This is the final post in our series discussing the rights of Arkansas citizens during police encounters. Throughout our series we have discussed a number of specific topics related to times in which citizen rights are often violated.
Topics we have covered in this series include:
- A discussion of when police may stop and search a pedestrian’s person
- A discussion on what constitutes probable cause during a vehicle search
- A discussion on how police obtain a valid warrant and in what situations reasonable privacy can be expected
- A discussion on when Miranda Rights must be read and when incriminating statements can be kept out of Court
Throughout this series, we have provided citizens information on how they may protect their rights when being questioned by police. As we wrap up our series we will provide final tips on how to conduct oneself when stopped by an officer.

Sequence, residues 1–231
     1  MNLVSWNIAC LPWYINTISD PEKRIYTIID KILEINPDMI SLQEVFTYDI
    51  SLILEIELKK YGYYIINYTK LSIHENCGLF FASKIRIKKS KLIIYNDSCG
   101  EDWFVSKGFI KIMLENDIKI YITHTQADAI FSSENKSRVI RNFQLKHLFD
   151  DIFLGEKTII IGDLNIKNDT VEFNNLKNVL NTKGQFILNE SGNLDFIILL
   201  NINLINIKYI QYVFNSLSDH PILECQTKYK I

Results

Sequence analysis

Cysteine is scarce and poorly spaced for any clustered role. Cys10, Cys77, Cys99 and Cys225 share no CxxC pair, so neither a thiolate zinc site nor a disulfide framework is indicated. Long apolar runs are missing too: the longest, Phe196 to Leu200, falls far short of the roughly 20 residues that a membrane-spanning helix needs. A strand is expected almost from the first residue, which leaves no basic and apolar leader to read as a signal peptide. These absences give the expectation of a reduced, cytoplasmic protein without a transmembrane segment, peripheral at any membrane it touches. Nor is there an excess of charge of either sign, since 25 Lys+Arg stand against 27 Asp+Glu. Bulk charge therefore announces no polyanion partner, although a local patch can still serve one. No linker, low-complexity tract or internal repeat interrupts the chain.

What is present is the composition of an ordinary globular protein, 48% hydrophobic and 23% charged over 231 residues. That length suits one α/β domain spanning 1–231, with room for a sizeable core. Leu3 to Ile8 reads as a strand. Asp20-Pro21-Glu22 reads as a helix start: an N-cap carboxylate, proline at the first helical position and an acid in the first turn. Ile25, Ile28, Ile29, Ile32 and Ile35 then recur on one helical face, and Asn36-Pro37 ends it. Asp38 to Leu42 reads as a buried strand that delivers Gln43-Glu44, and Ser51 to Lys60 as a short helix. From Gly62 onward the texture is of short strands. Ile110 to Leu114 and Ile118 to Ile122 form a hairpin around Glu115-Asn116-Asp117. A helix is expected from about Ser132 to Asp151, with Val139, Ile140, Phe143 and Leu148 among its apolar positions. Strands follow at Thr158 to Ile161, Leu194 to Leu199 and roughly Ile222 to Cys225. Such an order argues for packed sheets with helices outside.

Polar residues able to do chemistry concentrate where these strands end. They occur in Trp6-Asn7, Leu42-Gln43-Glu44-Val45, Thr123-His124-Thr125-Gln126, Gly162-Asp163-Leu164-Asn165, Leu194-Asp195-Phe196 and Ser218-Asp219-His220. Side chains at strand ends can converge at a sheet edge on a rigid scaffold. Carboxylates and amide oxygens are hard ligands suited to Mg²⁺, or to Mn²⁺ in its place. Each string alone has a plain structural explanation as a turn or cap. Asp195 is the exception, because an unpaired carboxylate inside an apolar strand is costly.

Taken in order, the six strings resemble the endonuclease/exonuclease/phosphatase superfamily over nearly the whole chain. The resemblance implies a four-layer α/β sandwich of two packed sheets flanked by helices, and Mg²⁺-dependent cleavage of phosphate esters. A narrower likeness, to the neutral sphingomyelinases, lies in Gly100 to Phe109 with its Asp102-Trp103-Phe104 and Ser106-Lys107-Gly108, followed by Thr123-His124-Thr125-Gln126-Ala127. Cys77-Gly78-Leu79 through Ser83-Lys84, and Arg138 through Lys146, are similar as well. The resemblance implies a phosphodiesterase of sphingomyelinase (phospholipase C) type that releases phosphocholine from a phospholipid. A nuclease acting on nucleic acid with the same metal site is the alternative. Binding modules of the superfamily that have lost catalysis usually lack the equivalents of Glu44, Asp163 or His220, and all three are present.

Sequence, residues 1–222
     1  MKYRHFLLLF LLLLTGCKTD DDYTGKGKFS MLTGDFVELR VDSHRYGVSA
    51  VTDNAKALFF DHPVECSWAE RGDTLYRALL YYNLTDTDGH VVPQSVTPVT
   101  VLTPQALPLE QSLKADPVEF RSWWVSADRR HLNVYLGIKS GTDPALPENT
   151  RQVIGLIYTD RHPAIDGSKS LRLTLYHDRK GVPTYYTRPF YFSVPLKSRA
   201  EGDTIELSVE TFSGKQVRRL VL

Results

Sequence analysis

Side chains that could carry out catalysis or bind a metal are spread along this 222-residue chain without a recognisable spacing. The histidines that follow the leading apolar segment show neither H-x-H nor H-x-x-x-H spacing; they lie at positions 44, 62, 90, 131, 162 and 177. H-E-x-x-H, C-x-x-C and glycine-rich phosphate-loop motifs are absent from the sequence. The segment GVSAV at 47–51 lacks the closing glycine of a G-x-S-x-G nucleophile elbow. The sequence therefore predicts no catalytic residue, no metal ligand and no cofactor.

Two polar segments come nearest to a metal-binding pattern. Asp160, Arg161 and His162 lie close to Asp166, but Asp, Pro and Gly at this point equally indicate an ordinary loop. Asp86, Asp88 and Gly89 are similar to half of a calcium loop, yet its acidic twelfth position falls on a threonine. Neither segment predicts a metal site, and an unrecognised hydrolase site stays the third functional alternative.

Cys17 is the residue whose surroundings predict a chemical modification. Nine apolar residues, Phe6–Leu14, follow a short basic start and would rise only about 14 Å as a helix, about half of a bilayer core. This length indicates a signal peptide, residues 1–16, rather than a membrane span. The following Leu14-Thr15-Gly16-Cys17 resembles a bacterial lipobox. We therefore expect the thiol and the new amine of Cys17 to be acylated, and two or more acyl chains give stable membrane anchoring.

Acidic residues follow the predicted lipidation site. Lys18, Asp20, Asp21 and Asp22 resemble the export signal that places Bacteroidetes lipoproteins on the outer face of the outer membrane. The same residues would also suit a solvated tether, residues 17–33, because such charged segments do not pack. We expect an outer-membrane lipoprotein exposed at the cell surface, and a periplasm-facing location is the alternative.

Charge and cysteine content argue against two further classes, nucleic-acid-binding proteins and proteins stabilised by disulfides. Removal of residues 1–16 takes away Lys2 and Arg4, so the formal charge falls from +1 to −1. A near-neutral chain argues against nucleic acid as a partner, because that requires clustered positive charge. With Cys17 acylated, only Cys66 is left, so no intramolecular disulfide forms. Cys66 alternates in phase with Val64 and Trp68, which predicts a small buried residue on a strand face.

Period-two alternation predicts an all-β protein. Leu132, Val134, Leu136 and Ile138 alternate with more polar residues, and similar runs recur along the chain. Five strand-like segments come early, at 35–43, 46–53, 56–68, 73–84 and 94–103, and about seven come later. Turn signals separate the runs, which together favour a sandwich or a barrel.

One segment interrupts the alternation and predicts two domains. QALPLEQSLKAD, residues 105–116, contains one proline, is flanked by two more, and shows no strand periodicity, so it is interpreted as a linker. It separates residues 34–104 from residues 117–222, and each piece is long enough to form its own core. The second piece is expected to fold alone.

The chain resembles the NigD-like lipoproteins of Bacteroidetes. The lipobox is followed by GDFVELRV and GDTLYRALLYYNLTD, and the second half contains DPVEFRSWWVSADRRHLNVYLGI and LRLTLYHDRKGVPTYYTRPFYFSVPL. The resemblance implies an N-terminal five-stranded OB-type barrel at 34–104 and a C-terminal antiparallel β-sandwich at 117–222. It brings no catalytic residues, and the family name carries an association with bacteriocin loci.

If a police officer has stopped you for questioning, or has requested to search your property, the most important thing to do is remain calm. Do not raise your voice, swear, or become angry with the officer. Maintain a polite and courteous demeanor at all times, and assert your rights without being aggressive. Remember you have the right to ask an officer 1) why you are being stopped, 2) for a warrant/ if they have probable cause, 3) to advise you of your rights. The worst mistake a person can make is to become angry or defensive. Once a person becomes “a threat” to the officer, that officer has the right to search your person to ensure that you do not have a weapon that could endanger the officer’s safety. By remaining calm, and asserting your rights in a polite fashion, the officer will either be forced to violate your rights or let you go.